With the spare beauty of winter around the corner these sun-warmed and gilded, mist-smudged days are utterly beguiling to walk through, although just as we have ‘flying ant day’, there is also ‘ballooning spider day’ – an arachnophobe’s nightmare. The first clue is a delicate tickle on your cheek, like a stray hair, and then you notice a fleeting gleam of gossamer and see that the air is full of trailing glistening threads, each bearing a tiny spiderling adventurer, voyaging into the unknown to begin a new life.
“It was half a mile or so before my hips and knees settled down into a gait less ‘ancient hobbit’ and more like my usual moves, but I suppose that’s what you get for spending a couple of months sat on your arse, hunched over a laptop, surrounded by discarded sweet wrappers and empty gin bottles.”
At a narrow plank bridge, hard to spot unless you know it’s there, I ducked through the hedge and emerged beside a pair of medieval fishponds. These most likely belonged to Launde Abbey, which is a good starting point for walks, or a good refuelling post. On this October day the ponds are fringed with reed mace and berries, the banks dotted with clumps of shaggy inkcap. I spent a good ten minutes leaning on my stick, watching a family of swans preen and wash, the air so still I could hear the Geiger click of preening bills riffling through feathers, the splash and ‘whump’ of wings on water.
The hardest part of this walk comes at the end, when I’ve turned homeward and can see my cottage roof huddled against the hillside. It’s better not to look because it seems an awfully long way off – there are still two sheep fields, a ploughed field and a killer hill between me, a cup of coffee and a slice of cake. The slip and squeak of my boots on wet grass startles the ewes, their backs bearing raddle marks – evidence of the attentions of the tup and a promise of next spring’s lambs. After a summer of lush grazing they look pretty solid but that doesn’t stop them scampering off on dainty hooves when they see me slogging along the well-worn track.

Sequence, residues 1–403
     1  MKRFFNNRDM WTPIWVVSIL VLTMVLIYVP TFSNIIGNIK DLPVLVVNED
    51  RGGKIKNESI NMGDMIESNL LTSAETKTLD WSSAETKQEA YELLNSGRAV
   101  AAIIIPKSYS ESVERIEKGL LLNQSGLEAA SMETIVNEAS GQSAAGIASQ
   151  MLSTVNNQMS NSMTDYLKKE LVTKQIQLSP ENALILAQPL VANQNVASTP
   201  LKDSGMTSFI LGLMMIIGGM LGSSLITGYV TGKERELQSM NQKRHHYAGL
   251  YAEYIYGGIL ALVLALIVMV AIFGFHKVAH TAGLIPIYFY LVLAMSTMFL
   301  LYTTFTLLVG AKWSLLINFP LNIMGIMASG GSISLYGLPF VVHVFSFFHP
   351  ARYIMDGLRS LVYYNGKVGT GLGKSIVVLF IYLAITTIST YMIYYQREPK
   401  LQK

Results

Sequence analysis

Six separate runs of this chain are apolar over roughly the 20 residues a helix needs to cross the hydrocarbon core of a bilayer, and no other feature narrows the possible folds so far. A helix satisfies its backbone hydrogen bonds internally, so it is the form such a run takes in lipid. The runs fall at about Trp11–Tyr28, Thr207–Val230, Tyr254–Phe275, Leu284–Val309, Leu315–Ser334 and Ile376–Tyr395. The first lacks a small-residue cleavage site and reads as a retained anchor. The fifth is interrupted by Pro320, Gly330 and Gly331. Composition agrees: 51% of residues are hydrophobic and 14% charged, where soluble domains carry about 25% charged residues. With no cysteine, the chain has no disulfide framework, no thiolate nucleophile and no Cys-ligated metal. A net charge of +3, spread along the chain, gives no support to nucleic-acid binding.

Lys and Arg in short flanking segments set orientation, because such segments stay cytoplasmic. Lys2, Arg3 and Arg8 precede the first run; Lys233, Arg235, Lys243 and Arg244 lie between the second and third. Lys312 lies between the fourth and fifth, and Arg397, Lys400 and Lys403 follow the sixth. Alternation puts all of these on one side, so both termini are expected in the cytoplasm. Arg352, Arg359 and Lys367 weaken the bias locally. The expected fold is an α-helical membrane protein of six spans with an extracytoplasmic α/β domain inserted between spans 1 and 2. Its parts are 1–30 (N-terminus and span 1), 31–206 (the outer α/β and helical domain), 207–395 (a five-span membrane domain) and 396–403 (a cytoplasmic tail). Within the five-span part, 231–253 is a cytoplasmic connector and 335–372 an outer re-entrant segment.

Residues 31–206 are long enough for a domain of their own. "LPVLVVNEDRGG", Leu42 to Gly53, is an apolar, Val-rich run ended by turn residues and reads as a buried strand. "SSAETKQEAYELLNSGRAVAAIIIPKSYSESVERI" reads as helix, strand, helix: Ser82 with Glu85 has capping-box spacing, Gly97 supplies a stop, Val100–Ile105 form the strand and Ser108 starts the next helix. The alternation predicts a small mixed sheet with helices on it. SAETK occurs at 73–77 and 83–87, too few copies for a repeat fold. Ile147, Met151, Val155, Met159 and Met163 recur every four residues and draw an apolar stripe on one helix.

By the time I’d staggered up the hill (dotted with artesian wells to trap the unwary), said hello to the ponies and stopped for a few minutes to locate a red kite in a distant oak my legs felt as though I was wading through treacle. I don’t think anyone saw me hobbling down the lane on the final stretch but perhaps a bit of hobbling is allowed after that lot, especially now I’m getting on a bit. And this birthday I’ve realised that actually I’m very happy to be getting on a bit – it kind of takes the pressure off. Although I think I’d be even happier if I could train the Cat to put the kettle on when he hears my key in the door.
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Helen Walmsley-Johnson is a journalist and author who writes as the Invisible Woman. She has a weekly style column for older women which she writes for the Guardian. Her first book, The Invisible Woman: Taking on the Vintage Years, is out now. @TheVintageYear